Chris Smith and Gillian Evans are a husband-and-wife team volunteering in Uganda with Grameen Foundation through our Bankers without Borders® volunteer initiative. As Strategy Manager, Chris is responsible for business planning and Grameen Foundation’s relationship with MTN Uganda. Gillian is an Education Specialist, responsible for developing and applying training best practices in the field and helping build the training center of excellence in Uganda. Chris and Gillian live in Kampala with their two children and will complete their one-year volunteer term on July 31. You can read about their experience as a family living and working for Grameen Foundation in Uganda on their blog at www.smithsinuganda.com.
It doesn’t matter where you live – people love to talk about the weather. You may think that citizens of a country like Uganda, which comfortably straddles the equator and where people are generally unfamiliar with terms like “zero visibility” and “whiteout conditions,” would not be fussed whether it is 25 or 28 degrees Celsius on any given day of the year. However, as we’ve found out, there is an unmet need for accurate and advanced forecasting of daily and seasonal weather, and extreme weather alerts.
It’s taken me the better part of 10 months to figure out that when you wake up, look out the window and see sunny, crystal-clear blue skies that this is a sure sign it will rain the rest of the day. If it starts off raining then it’s most likely going to be a beautiful day. I used to leave the house in the morning and ask Omara (our gardener, and a highly accurate weather forecaster) what the weather would be like. He would scan the clear blue horizon, think for a moment and forecast rain. And he was almost always right. No amount of searching the skies or wind direction would give me any indicator other than the obvious lack of clouds.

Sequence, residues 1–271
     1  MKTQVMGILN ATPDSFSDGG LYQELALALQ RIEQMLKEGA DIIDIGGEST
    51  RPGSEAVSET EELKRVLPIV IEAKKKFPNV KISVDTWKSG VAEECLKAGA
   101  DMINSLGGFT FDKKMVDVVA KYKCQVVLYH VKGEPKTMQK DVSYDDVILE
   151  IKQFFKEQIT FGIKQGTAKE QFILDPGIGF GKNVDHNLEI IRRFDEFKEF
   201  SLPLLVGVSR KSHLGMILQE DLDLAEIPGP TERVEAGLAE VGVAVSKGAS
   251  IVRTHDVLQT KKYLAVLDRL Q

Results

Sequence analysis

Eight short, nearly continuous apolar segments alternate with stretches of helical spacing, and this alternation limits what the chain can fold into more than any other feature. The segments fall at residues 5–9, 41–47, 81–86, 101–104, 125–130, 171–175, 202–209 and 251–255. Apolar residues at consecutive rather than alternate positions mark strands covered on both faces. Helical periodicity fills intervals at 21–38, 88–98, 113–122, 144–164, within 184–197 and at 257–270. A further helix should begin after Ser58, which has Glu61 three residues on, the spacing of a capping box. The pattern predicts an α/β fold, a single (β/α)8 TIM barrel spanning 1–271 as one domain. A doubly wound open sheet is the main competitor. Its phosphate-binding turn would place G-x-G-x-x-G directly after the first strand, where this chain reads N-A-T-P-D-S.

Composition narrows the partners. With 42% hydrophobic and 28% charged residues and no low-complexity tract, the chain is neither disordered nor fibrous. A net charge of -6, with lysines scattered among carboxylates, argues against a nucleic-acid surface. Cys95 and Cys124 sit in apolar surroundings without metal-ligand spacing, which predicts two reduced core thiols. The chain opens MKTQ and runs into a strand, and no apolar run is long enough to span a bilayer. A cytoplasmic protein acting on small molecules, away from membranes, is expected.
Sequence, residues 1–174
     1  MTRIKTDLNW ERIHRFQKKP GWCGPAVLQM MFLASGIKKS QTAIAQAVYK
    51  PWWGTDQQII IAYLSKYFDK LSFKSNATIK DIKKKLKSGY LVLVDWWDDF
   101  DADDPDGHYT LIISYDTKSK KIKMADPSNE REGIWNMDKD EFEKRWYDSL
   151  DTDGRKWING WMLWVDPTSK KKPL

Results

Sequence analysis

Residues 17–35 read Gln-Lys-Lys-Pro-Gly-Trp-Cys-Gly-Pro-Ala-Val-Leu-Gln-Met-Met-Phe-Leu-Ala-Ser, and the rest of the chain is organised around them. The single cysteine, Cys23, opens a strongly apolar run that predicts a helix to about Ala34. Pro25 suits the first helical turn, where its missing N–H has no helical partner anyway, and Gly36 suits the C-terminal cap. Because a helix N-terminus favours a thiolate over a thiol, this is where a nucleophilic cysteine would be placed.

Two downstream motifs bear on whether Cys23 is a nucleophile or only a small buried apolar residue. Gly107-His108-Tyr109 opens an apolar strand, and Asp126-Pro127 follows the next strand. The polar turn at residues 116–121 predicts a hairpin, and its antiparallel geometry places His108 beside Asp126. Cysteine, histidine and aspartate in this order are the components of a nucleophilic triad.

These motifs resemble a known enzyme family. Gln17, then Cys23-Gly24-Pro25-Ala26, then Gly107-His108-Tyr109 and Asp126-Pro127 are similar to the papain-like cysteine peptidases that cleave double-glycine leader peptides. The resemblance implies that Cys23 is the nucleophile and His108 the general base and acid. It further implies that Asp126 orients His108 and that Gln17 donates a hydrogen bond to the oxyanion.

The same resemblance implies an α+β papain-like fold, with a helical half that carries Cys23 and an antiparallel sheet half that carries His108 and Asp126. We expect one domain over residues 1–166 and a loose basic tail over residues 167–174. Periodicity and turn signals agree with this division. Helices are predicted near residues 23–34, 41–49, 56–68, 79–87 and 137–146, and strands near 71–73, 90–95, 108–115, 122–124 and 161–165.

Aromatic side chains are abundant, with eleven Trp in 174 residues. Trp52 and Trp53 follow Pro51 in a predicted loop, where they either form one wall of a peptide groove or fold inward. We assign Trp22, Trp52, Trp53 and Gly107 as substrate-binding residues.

Every day, the independent newspaper, the Daily Monitor, runs a four-day weather forecast feature on page 2. In an attempt to understand the secret to Omara’s uncanny forecasting ability, I used to try to match the Monitor’s forecast to what would actually happen on a given day. There is no correlation – I might as well have been using a Magic 8 Ball. I now believe that the Monitor editor knows this and attempts to cover all weather eventualities by having no (or at least an indecipherable) relationship between the weather graphic and the text description of the weather that day. Here’s a pretty typical example:
The Daily Monitor, a newspaper in Kampala, has an interesting — and inconsistent — way of showing its predictions of the Ugandan weather.
Why does “Today” have a thunderstorm graphic and a text description of “Day partly cloudy and night clear,” yet Friday is the only graphic that looks like cloudy and no rain, yet says “Thunderstorms in the day, clear at night” – but then that exact same text description is used with the thunderstorm graphic for Saturday? Aaaaaaaaaaaaaah … I don’t understand!